What needs to happen is rationalisation of policies. One step would be to make sales to DTAs easier. Dr. Smita Naram, CMD, Ayushakti Ayurved Pvt. Ltd. shares a letter with The Dollar Business that was sent by Chemexcil to the Prime Minister a few months ago which pointed out the problem stating, “Foreign Trade Policy allows EOUs to sell 50% of their FOB export value into DTAs.

The notification provides charging of duties as if goods are imported into India. The specific provision allows charging of 50% of Basic Customs Duty (BCD), plus Countervailing Duty (CVD) and Special Additional Duty (SAD), or VAT, in lieu of SAD. However, when the same goods are imported under FTAs or any Exemption Notification by domestic users, they are entitled to reduced BCD, including 0% BCD. This duty anomaly makes the DTA sale of any EOU product uncompetitive in domestic market, resulting into capacity underutilisation of such EOUs, thereby increasing overheads on the export product.” This is really a concern and should be addressed if we want to revive EOUs.

Further, EOUs are also not eligible to avail direct tax benefits and exemptions under MEIS. Additionally, EOU products exported via DTAs cannot avail MEIS. EOUs also suffer from having to take multiple levels of approval which need to be expedited.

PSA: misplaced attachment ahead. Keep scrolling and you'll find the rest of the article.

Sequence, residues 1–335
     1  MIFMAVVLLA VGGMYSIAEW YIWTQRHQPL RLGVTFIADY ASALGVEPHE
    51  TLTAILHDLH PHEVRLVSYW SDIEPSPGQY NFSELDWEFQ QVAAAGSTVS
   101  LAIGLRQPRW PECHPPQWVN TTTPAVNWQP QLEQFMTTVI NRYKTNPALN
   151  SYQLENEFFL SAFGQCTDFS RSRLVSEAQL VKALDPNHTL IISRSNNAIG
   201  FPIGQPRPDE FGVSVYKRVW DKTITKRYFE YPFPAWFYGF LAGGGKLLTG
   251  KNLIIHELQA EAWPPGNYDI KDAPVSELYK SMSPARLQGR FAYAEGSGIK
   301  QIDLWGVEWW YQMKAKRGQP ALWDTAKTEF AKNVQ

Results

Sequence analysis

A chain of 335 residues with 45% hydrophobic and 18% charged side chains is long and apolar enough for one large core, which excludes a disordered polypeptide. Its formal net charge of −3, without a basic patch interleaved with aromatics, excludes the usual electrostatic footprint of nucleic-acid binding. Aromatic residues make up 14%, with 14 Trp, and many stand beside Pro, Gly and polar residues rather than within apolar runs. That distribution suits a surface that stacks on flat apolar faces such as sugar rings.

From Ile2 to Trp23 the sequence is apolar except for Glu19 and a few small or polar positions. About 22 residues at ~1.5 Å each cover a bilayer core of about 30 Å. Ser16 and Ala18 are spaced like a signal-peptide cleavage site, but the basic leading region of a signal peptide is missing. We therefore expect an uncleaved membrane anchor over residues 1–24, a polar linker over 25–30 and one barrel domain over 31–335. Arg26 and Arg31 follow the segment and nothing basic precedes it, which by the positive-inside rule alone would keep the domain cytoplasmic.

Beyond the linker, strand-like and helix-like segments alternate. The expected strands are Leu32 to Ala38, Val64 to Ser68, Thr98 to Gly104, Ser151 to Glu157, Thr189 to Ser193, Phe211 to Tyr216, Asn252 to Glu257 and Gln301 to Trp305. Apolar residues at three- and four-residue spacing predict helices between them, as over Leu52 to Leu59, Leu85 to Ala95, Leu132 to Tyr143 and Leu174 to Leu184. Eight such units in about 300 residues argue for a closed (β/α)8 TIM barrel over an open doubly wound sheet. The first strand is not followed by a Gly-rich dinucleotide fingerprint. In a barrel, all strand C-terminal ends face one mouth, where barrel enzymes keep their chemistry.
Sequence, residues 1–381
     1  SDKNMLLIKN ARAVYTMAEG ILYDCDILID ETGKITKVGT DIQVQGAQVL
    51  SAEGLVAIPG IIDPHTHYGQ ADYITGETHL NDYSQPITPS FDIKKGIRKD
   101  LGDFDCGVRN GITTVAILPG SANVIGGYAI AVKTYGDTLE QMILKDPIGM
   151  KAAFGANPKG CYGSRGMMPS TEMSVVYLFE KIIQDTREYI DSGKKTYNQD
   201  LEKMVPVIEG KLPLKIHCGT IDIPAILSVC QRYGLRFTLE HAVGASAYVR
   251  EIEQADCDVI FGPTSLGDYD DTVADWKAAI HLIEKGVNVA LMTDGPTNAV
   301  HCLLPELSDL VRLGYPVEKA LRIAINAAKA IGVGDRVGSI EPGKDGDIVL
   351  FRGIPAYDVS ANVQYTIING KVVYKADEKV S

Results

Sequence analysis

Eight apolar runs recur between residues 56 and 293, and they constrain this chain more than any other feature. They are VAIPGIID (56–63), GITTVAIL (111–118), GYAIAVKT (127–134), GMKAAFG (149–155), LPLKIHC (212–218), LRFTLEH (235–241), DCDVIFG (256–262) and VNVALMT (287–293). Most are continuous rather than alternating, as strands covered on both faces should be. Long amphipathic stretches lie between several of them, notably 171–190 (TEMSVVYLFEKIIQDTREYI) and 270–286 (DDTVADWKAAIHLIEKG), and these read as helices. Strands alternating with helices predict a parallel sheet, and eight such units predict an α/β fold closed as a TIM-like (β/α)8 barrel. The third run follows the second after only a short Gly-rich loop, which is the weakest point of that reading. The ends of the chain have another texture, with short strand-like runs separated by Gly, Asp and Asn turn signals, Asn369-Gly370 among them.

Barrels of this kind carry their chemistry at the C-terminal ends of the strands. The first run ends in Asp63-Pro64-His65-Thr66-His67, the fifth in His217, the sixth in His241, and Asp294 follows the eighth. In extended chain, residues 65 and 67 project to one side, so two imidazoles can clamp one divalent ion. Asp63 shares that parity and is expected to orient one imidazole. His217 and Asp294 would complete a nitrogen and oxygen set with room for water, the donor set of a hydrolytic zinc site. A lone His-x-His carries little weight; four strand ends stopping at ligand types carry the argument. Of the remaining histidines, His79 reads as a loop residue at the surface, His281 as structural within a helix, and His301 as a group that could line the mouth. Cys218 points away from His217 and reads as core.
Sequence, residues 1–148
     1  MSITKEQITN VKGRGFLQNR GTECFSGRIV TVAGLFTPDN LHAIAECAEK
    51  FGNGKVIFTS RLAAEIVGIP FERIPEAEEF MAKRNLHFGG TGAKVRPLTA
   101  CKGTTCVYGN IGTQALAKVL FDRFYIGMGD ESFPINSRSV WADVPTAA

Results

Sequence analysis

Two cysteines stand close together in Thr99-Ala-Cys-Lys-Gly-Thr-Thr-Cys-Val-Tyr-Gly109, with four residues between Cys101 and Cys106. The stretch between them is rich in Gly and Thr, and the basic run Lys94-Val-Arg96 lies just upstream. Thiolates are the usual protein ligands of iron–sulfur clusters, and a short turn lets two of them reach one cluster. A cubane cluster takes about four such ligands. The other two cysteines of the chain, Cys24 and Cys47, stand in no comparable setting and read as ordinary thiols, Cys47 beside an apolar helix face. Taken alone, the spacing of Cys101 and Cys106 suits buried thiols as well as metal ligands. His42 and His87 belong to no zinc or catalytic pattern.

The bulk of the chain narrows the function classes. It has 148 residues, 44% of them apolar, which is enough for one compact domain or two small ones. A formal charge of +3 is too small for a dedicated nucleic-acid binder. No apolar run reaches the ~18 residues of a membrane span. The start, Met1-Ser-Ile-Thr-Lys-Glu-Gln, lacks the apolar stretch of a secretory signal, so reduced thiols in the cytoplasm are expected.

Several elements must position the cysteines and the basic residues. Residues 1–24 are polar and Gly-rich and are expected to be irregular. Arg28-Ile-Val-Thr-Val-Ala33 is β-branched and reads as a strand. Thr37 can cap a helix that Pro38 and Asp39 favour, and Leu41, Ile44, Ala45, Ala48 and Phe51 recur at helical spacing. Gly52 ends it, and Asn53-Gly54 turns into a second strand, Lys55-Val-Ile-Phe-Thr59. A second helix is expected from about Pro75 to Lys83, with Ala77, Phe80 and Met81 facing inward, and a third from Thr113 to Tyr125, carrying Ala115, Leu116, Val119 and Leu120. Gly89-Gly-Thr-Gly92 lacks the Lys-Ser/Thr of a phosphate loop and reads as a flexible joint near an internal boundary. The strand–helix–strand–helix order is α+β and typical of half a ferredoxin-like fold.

March was the 16th straight month of decline in exports from India. Should these issues be sorted out, EOUs could possibly stand up to be counted in raising the exports from the country. All it requires is willingness on the part of the policymakers. Need we say more? 

Share of EOUs in India’s exports


“Exporters Now find EOU Scheme Less Attractive”

Dr. Guruprasad Mohapatra Joint Secretary, SEZ & EOU, Department of Commerce, Ministry of Commerce & Industry, GoI


TDB: How successful have Export Oriented Units (EOUs) been for India?

Dr. Guruprasad Mohapatra (GM): The EOU scheme provides liberty to an entrepreneur to set up his manufacturing plant at any location within the national territory as per his convenience, in terms of availability of raw material, access to port, existence of hinterland facilities, availability of skilled manpower, existence of industrial infrastructure, etc. Being composite in nature, the scheme brings many fiscal, institutional, and procedural benefits for the units under one roof. A Committee under the Chairmanship of Shri S. C. Panda, which studied the EOU Scheme and submitted a report titled ‘Review & Revamp EOU Scheme’ had found that there was a steady growth in setting up of EOUs – from 1,556 in FY2001 to 2,586 in FY2010, and rapid export growth from this sector – from Rs.15,912 crore in FY2001 to Rs.84,135 crore in FY2010. The contribution from EOU scheme in total country’s export increased from 11.52% in FY2001 to 53.88% in FY2008. Today, there are 1,977 (as on December 31, 2015) EOUs spread all over the country and the total exports from EOUs has been Rs.64,321 crore in FY2015 and Rs.41,655.08 crore in FY2016 (for April 1 to September 30, 2015 period).

TDB: What challenges do EOUs face?

GM: The primary reason for the decline in EOUs export performance is because Income Tax benefits on the export profits were stopped in April 2011. This has probably pulled down the enthusiasm of potential investors in EOUs. Exporters also find EOU Scheme less attractive because duty-free import of raw material and capital goods, and Chapter 3 benefits are available in DTA as well.